Chip-DSC 10 – food testing with DSC – butter and margarine

Food-DSC – Melting behavior of butter and margarine

In both food production and health-related studies, thermal analysis has become increasingly vital, with a particular focus on determining the carbon and fat content in various products. Products like butter and margarines pose challenges in identifying the types of contained fats, making the DSC method a valuable tool for quality control in both production and research.

The DSC signal is generated by heating a sample-containing pan alongside an empty reference pan using the same heat source. By subtracting the heat flow signals of the two pans, endothermic or exothermic peaks emerge if the sample undergoes temperature changes due to thermal effects.

The Chip-DSC, utilized in this application, consolidates essential DSC components—furnace, sensor, and electronics—within a miniaturized housing. This chip arrangement includes a chemically inert ceramic setup with a metallic heater and temperature sensor, enabling rapid heating and cooling speeds coupled with high resolution, accuracy, and reproducibility. DSC measurements provide a fingerprint model for substance identification in quality control and help determine enthalpies of effects like phase transitions.

DSC Heat Flow curves of plant margarines, low fat margarine and butter. Heating rate 5 K/min.

The provided figure displays DSC profiles of three different kinds of margarines and butter. Each sample underwent precooling with liquid nitrogen to -60°C and was then measured using consistent conditions and sample masses.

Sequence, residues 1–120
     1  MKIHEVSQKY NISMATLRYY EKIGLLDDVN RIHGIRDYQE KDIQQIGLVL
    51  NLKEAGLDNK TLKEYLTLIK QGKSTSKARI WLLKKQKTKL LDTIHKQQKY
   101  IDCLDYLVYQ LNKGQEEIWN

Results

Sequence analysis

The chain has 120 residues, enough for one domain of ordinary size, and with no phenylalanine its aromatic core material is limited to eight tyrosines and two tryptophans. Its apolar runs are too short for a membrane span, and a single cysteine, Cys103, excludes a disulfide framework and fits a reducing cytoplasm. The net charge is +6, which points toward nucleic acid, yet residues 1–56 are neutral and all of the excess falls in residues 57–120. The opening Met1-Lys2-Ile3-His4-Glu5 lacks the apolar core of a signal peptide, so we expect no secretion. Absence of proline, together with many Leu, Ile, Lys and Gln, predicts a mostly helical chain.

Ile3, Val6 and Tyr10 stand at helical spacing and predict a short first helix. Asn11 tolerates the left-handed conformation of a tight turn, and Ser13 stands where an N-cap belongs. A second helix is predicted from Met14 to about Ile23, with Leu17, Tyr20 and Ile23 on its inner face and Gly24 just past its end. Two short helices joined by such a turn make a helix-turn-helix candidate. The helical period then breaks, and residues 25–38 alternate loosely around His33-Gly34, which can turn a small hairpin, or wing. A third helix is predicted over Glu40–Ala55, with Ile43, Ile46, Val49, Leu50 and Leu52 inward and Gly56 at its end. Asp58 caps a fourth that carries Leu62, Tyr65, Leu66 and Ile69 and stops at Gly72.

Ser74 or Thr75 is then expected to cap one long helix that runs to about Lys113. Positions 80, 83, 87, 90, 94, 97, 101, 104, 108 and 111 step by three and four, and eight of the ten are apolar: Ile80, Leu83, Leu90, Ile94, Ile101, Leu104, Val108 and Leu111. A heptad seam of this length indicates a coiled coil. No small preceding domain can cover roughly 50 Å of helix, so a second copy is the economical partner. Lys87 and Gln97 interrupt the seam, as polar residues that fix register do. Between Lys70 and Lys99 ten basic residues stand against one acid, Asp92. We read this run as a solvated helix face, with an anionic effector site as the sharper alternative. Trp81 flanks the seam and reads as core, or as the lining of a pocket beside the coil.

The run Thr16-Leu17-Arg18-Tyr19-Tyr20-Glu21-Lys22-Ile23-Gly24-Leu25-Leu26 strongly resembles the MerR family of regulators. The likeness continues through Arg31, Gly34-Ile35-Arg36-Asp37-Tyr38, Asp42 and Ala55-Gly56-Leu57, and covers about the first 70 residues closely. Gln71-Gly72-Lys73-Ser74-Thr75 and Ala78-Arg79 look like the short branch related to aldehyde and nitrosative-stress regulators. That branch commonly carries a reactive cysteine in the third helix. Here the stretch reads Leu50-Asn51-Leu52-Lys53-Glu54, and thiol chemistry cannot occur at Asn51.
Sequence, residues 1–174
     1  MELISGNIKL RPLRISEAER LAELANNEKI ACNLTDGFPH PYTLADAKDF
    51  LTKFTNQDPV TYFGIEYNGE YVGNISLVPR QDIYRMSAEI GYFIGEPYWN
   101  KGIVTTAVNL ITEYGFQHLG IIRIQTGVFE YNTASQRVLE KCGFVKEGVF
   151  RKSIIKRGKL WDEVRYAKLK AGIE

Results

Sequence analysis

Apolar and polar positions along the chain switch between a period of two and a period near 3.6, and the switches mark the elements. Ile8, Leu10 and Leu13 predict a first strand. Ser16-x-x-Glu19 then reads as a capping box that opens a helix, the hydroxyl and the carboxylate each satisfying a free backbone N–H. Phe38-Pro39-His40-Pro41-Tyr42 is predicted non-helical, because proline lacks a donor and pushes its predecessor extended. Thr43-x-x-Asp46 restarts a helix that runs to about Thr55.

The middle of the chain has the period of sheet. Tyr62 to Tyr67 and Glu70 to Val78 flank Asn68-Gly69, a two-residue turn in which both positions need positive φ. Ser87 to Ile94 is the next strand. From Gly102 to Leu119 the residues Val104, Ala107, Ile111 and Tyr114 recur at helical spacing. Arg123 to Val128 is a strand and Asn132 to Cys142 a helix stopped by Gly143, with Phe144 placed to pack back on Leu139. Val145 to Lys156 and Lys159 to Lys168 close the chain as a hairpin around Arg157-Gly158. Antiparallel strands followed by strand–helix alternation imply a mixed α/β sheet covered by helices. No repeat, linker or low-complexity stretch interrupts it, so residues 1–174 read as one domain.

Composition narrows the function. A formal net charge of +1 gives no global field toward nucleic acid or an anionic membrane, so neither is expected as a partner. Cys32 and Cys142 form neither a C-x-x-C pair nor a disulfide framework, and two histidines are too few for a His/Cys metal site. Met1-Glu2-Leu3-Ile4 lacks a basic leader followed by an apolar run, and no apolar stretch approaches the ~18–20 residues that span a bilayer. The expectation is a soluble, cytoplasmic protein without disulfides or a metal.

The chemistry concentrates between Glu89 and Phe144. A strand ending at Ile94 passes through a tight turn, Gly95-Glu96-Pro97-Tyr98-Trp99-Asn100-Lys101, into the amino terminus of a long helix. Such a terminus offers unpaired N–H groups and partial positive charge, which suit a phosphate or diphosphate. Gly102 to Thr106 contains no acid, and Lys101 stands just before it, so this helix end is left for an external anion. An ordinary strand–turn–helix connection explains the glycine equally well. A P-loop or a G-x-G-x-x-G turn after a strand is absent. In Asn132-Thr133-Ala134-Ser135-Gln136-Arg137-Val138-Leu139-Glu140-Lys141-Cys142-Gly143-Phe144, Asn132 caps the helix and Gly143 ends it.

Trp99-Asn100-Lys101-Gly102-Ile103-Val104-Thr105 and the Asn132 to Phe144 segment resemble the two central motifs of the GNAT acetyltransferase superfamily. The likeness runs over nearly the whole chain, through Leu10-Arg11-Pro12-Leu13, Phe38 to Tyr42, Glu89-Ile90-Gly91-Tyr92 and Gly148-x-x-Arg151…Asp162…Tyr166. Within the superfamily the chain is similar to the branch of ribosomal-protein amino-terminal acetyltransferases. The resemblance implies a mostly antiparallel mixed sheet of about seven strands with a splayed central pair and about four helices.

The initial effect observed in all four samples is the endothermic melting enthalpy of the contained water at around 0°C. Notably, plant margarine and sunflower oil margarine, with an 80% fat content, exhibit significantly less water than the low-fat margarine with only 37% fat. Butter, however, has a water content similar to the 80% fat margarines.

At 50°C, the fatty acids in the plant and sunflower oil margarine begin to melt, displaying several endothermic melting peaks. The sunflower oil margarine exhibits fewer peaks than the plant margarine, which evidently contains a more diverse range of unsaturated and saturated fatty acids. The low-fat margarine melts earlier at around 40°C, characterized by a broad melting peak, indicating a higher proportion of short-chain fatty acids compared to the two plant margarines.

In contrast, butter starts to melt slightly above room temperature, resulting in a notable small melting peak at 35°C. At higher temperatures, additional melting effects of fatty acids occur, remaining solid as white flakes in the molten butter until their respective melting points are reached.

In summary, the Chip DSC proves instrumental in the analysis and comparison of butter and margarines, offering insights into water content and different fatty acids, which can be utilized for both quality control and research purposes.

Related instruments

Chip-DSC 10 (Photo Option)

  • The entry-level model with interchangeable sensor
  • Cost-effective, highly innovative and compact DSC
  • RT up to 450°C
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